It’s 4/8 on the Korean lunar calendar, held as Buddha’s birthday. Soon, I’ll be married by some local community authority; at some time we’ll also register as such with the government.
After the hauntings of last summer — a ghost whose face I saw, coming around a corner at church one Sunday, her brother’s home-coming talk; her abdomen extended with another pregnancy, she looked me in the eyes for a moment as I tried to smile, but there was no sign of recognition nor hoped-for friendship — I quit this place and flew to Korea at the end of January to get a teaching job for at least a year. I went to Myeong-seon’s city, as our plans to work together and/or pursue a deepening relationship solidified.
Last fall, I started to meet Erin Baker, a friend of Ito Dan’s. Our ages were too different, but I immediately liked her and her family, and thought she was my last chance for a life on that side of the world, with my own people. My plan had already been set, and she would be serving a mission soon, but I tried, in our brief acquaintance, to see if there were any glimmer of mutuality worth waiting for… Finding none, I left unburdened.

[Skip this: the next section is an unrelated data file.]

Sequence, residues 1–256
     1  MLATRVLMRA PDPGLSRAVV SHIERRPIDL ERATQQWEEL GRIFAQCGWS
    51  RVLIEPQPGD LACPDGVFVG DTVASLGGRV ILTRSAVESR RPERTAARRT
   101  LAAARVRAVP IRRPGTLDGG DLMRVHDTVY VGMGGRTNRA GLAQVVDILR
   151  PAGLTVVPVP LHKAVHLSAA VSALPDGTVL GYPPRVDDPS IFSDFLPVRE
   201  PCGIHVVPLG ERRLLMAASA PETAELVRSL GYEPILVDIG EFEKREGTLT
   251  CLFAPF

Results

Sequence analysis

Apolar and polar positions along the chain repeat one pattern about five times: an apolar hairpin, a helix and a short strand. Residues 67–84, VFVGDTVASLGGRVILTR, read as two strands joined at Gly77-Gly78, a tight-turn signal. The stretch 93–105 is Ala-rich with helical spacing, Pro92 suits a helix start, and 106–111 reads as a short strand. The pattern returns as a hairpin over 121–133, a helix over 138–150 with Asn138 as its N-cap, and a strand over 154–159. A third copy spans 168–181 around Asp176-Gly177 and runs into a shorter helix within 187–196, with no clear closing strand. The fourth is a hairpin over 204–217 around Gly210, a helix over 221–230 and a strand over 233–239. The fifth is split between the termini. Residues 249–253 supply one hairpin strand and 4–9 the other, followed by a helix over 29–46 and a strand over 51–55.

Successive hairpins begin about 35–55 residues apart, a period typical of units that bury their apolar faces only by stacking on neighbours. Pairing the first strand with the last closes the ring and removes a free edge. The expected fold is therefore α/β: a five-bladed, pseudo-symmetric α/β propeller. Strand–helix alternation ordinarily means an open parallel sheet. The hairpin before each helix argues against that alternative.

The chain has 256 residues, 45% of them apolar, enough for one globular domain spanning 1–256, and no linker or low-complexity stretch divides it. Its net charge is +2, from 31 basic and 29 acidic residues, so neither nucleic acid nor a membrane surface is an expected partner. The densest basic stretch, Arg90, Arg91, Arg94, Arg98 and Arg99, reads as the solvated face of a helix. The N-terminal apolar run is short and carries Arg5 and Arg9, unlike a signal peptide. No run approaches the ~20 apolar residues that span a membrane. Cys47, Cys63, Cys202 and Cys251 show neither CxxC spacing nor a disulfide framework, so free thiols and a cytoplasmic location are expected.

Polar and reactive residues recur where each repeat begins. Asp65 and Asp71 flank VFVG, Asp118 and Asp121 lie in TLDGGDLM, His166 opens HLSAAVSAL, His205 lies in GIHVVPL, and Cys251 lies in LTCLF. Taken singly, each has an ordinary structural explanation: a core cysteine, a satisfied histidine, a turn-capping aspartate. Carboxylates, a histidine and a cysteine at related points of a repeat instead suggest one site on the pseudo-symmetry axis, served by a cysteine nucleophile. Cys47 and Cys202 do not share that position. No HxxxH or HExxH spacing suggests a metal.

Kim Hyun-joo and I happened not to meet, as we’d considered, and as I’d hoped. She got introduced to some Church brother anyway, and decided to marry him. Her wedding was in April, I think. I didn’t feel the pressing need to attend. I was just happy that I’d had the chance to turn down her suggestion of a date last year over Skype, undoing the emotional knot that had been tied years ago, when she (probably inadvertently) stood me up that day in Utah. Anyway, we hadn’t exactly hit it off well on Skype, though I’ve started to value her friendship in some small way.
I can’t remember the day; sometime in early March, it must’ve been, after one of our intense arguments, I thought regretfully about Myeong-seon, and realized, inexplicably, that we could be happy together. I suggested marriage the next day. We’d already talked about it last fall before backing out, and, like that time, she had no objections.
Our date got delayed a little. I invited my parents, who arrived yesterday and reached our city, Jeonju, last night. The wedding is in two hours, a traditional affair, as we foreigners are wont to have. We intentionally underplanned, but it still cost more than I hoped. We’ll be flying, the four of us, to Jeju tomorrow for a couple days. I haven’t yet told my parents, but Myeong-seon has agreed to be (re-)baptized after having met with the missionaries for a couple months; it will happen next Saturday.
It’s been a twisting road, but I think it will turn out well.